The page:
Tesco rules out sale of mixed-origin beef
Supermarket giant Tesco has ruled out selling beef from animals born in the Republic and fattened for slaughter in Northern Ireland, claiming shoppers find mixed-origin meat confusing.
This will come as a huge blow to farmers devastated by plummeting beef prices and the erosion of the traditional north-south trade in "nomad" cattle.
Only 6,000 young cattle have been exported north for fattening this year, compared with 40,000 a few years ago.
That is because in the aftermath of the horsemeat scandal many UK supermarket chains are refusing to sell beef that has more than one country of origin on the label.
Farm organisations have been calling on Agriculture Minister Simon Coveney to persuade UK supermarkets to start taking mixed-origin beef again, in a bid to ease pressure on cattle farmers. However, a letter from Tesco seen by the Irish Independent makes it clear it has no intention of doing so.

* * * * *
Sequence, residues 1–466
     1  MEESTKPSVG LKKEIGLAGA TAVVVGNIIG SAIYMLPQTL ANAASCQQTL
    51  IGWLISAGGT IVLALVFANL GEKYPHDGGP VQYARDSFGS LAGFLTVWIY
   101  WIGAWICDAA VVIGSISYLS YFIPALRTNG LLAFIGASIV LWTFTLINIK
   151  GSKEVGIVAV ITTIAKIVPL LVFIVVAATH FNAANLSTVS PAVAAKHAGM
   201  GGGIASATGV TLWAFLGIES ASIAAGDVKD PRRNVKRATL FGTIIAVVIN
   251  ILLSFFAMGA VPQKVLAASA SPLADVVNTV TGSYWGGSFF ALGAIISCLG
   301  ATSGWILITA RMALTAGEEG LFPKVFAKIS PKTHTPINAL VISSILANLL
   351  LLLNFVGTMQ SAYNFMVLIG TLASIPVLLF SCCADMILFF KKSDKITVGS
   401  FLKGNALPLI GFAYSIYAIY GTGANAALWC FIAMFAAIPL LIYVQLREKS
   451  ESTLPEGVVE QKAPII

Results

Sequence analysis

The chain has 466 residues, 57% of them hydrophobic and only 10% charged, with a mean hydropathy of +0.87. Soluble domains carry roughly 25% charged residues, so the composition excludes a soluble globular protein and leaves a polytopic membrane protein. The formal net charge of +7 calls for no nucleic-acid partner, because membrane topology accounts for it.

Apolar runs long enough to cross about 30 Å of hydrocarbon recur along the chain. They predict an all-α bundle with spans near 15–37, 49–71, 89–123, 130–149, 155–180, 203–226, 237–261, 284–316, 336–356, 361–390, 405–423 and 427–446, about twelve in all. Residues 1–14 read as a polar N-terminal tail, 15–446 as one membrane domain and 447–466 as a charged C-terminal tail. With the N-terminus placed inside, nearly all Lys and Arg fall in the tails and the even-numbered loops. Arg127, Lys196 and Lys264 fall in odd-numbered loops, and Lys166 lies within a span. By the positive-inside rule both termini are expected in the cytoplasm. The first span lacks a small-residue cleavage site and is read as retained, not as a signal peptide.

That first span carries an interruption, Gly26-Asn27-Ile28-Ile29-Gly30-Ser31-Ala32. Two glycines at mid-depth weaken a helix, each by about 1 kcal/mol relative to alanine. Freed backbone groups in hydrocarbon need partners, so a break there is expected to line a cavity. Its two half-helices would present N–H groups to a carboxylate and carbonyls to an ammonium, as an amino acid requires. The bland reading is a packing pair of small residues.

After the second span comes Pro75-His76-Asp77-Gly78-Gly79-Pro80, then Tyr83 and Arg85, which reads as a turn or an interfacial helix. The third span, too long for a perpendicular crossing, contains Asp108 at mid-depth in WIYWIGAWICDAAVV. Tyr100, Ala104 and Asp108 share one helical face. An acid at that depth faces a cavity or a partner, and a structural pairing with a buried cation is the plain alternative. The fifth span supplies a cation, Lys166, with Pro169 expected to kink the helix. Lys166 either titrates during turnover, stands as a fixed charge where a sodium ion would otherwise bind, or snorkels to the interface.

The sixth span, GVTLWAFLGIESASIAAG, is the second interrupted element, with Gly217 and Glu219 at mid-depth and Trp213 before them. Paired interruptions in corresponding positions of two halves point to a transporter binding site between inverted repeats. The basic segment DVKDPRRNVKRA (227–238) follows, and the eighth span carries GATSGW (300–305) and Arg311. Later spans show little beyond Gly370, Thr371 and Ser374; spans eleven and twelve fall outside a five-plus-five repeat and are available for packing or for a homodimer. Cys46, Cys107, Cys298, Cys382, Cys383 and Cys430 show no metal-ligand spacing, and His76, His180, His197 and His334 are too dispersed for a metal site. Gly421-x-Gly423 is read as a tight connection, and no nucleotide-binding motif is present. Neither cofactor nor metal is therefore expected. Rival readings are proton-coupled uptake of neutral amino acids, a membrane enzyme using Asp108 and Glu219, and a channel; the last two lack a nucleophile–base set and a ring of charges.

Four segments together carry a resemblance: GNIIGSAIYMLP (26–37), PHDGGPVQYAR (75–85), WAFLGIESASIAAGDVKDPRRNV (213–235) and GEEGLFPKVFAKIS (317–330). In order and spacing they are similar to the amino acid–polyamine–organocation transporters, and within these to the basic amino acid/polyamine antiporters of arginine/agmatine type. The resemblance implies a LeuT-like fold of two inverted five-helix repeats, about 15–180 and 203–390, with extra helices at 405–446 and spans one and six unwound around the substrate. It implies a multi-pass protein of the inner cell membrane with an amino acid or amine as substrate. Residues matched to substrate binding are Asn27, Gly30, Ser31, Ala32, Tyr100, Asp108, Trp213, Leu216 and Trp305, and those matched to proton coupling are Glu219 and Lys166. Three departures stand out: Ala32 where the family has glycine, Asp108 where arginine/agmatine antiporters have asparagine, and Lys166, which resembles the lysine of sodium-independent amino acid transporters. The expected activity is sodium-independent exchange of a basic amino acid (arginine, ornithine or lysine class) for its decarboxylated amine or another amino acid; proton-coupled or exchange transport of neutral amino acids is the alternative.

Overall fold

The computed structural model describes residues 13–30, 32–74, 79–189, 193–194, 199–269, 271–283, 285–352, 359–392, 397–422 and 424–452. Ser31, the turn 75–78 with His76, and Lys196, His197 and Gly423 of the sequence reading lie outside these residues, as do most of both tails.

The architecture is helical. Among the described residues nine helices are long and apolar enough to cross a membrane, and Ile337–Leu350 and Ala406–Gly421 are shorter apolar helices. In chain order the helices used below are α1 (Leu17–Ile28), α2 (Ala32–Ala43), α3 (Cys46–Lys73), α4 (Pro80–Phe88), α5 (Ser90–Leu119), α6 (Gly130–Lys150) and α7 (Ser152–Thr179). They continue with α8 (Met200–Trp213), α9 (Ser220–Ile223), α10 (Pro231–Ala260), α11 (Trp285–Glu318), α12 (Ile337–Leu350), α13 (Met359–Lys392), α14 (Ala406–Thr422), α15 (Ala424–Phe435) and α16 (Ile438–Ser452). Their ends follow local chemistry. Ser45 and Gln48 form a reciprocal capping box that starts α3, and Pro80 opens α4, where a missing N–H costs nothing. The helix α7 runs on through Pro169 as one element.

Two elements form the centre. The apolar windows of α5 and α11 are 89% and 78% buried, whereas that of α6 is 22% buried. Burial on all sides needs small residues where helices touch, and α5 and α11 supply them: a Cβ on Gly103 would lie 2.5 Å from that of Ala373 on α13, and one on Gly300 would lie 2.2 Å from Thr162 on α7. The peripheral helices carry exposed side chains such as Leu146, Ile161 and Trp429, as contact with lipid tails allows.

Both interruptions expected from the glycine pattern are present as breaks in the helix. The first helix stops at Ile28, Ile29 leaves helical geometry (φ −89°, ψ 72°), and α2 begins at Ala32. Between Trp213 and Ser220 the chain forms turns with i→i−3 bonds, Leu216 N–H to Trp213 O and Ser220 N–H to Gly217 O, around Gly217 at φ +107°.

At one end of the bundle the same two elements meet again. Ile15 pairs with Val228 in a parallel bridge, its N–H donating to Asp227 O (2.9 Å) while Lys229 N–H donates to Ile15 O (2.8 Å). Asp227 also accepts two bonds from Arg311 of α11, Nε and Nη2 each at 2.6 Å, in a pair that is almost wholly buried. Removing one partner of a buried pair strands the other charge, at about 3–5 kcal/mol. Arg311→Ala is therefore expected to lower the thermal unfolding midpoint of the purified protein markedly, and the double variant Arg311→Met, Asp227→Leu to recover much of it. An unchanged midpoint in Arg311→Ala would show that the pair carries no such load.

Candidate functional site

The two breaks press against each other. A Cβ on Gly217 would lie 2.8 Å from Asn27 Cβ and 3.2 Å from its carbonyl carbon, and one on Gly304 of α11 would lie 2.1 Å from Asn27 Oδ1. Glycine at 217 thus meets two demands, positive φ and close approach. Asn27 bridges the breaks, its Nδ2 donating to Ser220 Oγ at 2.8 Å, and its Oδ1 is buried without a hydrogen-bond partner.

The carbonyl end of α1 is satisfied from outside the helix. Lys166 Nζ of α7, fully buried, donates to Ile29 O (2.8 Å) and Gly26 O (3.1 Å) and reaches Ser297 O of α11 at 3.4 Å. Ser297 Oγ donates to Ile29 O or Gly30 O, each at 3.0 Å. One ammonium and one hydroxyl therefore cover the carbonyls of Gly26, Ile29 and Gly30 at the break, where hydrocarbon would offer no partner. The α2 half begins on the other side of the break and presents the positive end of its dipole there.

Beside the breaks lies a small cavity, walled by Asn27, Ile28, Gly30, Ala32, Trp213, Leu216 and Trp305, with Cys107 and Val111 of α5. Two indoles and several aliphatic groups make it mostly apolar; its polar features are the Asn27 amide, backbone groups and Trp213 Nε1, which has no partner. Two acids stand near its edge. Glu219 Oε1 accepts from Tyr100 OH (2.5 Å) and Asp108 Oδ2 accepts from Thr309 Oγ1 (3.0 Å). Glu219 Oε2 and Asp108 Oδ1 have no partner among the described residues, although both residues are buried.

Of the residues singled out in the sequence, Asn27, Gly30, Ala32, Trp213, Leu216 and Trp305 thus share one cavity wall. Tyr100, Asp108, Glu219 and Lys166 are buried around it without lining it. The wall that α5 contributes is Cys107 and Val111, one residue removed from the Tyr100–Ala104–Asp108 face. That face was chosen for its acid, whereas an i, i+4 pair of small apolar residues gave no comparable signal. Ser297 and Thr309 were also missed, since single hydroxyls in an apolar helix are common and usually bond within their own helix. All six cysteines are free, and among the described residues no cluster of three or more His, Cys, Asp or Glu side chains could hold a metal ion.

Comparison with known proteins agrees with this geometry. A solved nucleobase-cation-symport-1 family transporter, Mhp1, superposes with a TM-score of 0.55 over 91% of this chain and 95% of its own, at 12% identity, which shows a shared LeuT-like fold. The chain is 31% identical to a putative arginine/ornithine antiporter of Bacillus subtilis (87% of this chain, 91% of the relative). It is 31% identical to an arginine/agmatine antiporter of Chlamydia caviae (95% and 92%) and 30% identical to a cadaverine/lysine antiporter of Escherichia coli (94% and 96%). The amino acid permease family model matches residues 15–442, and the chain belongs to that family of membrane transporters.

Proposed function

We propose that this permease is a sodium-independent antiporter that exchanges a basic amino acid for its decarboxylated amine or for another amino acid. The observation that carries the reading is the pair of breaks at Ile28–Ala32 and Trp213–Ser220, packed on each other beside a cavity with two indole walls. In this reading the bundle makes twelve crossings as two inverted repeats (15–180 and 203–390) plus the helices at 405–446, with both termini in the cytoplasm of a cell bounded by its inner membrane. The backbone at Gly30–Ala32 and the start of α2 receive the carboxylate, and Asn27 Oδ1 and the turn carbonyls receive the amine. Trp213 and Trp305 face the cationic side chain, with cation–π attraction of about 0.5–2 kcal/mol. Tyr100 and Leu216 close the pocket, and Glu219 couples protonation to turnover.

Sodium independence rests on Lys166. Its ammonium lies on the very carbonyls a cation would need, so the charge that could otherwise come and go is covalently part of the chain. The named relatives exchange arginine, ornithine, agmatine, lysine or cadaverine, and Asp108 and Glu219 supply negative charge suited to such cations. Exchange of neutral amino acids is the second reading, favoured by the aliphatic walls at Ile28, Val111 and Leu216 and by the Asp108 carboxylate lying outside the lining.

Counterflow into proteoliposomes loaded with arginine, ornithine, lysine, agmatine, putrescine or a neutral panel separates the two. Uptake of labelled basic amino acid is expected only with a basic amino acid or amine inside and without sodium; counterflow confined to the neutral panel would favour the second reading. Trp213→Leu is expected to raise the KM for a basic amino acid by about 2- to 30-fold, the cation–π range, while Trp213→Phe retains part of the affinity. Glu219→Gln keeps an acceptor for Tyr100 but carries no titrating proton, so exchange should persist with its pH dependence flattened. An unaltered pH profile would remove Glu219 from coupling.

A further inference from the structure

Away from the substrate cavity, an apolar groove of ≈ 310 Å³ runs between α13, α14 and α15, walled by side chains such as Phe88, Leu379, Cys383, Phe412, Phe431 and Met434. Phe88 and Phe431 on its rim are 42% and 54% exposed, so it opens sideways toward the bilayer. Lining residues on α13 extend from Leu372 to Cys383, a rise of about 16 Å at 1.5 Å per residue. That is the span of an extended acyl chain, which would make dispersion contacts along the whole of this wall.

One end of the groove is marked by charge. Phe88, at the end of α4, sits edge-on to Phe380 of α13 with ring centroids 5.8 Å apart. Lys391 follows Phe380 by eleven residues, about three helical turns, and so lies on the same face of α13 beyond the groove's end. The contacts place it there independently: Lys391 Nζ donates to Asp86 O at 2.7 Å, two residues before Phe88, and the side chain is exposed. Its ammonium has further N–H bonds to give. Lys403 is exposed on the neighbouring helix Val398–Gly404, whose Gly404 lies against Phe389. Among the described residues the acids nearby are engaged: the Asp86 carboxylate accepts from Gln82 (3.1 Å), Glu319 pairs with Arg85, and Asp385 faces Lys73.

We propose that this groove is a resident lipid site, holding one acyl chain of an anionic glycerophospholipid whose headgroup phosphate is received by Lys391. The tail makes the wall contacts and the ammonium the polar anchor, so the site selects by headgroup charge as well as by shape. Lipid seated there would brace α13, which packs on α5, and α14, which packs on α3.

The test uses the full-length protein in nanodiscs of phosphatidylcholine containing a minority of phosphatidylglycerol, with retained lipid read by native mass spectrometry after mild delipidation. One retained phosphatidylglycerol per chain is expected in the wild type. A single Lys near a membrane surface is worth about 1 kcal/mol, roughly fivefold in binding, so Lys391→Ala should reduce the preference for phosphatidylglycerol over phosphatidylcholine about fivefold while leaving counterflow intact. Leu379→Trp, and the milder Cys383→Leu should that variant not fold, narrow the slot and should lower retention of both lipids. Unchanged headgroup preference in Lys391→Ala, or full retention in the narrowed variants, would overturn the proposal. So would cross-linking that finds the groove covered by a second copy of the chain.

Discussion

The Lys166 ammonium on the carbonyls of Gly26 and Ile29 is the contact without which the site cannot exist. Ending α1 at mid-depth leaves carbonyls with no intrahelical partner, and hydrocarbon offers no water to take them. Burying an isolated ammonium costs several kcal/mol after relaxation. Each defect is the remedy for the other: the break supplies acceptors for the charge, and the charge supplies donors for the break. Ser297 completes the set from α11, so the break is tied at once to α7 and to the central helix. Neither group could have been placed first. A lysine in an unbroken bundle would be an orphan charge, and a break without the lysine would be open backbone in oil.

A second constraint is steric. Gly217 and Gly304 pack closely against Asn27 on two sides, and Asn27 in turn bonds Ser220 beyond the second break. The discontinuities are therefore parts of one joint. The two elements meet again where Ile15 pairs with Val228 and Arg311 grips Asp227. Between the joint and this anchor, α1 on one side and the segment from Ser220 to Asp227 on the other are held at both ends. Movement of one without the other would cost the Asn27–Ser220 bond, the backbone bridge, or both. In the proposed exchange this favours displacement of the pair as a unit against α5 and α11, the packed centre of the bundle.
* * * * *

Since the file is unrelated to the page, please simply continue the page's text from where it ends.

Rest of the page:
One of Tesco's most senior executives wrote to Fine Gael MEP Mairead McGuinness in recent days, saying that though it was proud to sell beef that was either from Northern Ireland or the Republic, it would not be selling beef from animals raised in both jurisdictions.
"Our research consistently tells us that customers want products that come from simple supply chains that are easy for them to understand, and are clearly labelled," wrote Tesco group commercial director Kevin Grace.
However, Ms McGuinness said Tesco's response was "emphatic and regrettable".
The Irish Cattle and Sheep Farmers' Association general secretary Eddie Punch said Italian consumers had no problem understanding the mixed-origin labels on beef from cattle raised in Ireland and finished in Italy.